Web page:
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Adult Education

Study Skills and Learner Organization


Watch your step! Under Construction.

There's some good stuff here but it's a mess!

Some students have never learned how to learn. Adult learners often have difficulty with longterm memory. Helping students to organize information and connect to previous experiences can aid in retention. Alan Knox suggests the following to aid adults in retrieving and storing information in long-term memory (P.92-94, Apps):

Through metacognition, the student's understanding of the way s/he learns, students can begin to ask for the type of information each one needs in order to succeed.

Self-Management
Self-management is defined as the willingness and capacity to conduct one's own education. Those engaged in self-managed learning will diagnose needs (with or without outside assistance), select sources for help from others, determine what is personally meaningful (distinct from the reward system of the institution), honestly acknowledge weaknesses and shortcomings, and change tactics when the current strategy is not working. We often assume all adult students have these skills. However, self-management is often a function of life experiences, environmental factors, and social forces (P.61-65, Cranton). Clearly, some students need help in building their self-management skills. This page provides some suggestions for building those skills.


Transformative Learning
According to Apps, the transformational process includes five phases (P.34-35):

  1. Developing awareness
    Learners must recognize their lack of knowledge or incorrect knowledge before they can begin to learn.
  2. Exploring alternatives
    once they are aware of their deficits, students are ready to hear laternatives
  3. Making a transition
    Students begin leaving the old approaches behind and adopting new ones.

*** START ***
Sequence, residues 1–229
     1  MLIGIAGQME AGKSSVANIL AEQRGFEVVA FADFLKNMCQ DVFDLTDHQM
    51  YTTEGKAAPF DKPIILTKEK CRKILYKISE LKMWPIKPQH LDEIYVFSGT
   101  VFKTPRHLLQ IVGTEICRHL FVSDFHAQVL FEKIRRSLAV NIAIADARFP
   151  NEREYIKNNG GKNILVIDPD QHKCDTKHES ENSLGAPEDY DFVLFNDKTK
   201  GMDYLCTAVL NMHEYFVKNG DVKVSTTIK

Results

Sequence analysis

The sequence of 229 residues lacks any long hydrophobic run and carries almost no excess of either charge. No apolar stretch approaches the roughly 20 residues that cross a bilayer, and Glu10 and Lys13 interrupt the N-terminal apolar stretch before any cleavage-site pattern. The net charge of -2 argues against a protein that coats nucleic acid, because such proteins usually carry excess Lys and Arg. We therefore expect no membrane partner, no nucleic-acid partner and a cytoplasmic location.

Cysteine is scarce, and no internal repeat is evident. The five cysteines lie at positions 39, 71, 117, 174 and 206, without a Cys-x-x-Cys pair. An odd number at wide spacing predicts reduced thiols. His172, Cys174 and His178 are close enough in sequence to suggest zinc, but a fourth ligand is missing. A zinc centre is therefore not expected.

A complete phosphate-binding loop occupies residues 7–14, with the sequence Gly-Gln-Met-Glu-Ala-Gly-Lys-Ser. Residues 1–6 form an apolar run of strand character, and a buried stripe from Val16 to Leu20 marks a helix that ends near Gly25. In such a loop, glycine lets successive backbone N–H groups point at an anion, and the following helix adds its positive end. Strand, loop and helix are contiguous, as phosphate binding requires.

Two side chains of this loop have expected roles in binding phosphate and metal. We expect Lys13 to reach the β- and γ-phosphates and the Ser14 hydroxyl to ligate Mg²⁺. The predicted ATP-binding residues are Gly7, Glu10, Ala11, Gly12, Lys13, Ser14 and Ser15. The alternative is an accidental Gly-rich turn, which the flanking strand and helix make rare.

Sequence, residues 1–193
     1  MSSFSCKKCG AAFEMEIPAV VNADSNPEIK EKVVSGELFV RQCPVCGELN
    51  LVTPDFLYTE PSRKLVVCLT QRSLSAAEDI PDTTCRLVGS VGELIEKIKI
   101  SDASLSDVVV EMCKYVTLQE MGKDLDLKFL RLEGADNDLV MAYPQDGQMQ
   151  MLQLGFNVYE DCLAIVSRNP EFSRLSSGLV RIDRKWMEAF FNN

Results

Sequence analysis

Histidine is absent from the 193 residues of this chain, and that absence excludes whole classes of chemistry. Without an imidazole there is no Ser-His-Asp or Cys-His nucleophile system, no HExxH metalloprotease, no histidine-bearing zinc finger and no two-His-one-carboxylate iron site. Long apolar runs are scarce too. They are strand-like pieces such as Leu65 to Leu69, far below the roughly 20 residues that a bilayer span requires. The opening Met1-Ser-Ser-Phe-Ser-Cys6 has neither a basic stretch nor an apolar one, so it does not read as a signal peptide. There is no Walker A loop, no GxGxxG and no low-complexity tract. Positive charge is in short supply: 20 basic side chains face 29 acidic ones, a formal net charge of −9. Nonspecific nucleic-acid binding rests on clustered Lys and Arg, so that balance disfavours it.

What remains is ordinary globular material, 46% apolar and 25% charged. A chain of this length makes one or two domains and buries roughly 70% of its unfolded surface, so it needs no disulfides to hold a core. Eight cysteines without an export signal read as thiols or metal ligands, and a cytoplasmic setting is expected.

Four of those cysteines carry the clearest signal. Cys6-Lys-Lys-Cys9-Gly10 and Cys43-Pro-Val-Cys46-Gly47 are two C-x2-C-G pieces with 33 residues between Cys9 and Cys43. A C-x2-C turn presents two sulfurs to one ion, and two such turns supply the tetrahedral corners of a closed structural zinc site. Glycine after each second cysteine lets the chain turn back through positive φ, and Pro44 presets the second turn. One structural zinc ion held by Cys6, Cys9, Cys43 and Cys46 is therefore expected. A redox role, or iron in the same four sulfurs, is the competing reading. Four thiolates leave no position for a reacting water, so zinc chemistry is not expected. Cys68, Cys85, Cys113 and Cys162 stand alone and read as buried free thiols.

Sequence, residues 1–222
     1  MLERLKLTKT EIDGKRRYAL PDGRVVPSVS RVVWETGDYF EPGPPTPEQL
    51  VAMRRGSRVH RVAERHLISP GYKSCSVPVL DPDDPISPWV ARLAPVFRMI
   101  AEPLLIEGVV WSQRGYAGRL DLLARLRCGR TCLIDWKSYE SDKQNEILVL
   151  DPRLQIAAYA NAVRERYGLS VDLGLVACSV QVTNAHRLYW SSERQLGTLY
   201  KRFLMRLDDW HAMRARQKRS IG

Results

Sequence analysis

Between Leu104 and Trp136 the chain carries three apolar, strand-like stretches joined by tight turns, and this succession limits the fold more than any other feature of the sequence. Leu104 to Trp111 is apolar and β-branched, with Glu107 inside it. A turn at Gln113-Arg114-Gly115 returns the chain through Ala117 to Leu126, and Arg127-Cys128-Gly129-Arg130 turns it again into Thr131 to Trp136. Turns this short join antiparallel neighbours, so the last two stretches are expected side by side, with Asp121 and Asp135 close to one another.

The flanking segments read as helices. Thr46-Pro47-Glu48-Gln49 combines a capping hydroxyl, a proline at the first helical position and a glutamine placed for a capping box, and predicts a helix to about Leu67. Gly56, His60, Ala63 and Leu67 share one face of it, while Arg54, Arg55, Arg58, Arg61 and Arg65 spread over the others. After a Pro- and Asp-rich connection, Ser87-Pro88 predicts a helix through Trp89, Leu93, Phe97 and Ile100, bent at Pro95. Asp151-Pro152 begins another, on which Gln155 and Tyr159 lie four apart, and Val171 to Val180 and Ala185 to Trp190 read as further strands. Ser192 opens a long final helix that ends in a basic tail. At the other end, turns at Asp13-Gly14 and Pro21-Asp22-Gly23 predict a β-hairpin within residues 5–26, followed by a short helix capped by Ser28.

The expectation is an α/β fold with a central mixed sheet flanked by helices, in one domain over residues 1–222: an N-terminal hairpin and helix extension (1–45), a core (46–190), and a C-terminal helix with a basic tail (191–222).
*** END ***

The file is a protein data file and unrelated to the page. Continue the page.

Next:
4. Achieving integration
    Students are ready to reassemble their knowledge.
  5. Taking action
    The ideas are put into practice with the posssibility of movement back through the previous steps.

Students are often unaware of the need to move through these steps. When they enter phase 1, they become concerned that they are more confused and less able to handle problems than they had been. It is important to assure them that this is a normal and important part of learning as an adult.

The implication of these steps is equally important for the instructor. If learners are not presented with proof of the present inadequacy of their knowledge, they will not be motivated to learn. We should not assume (as we often do) that students will believe something is worth learning solely because we say it is.

Metacognition

  • Personality Inventories
  • Keirsey Temperament Inventory

    Learner Support Most significant adult learning involves both joyful and painful elements. Learners fluctuate betwen episodes of anxiety-producing self-scrutiny and energy-inducing leaps of ability and understanding (P. 12, Brookfield). Hence, it is important to warn students about this time of anxiety and to provide resources for them to draw on. These resources might include flexible office hours and information about Student Support services available through the institution.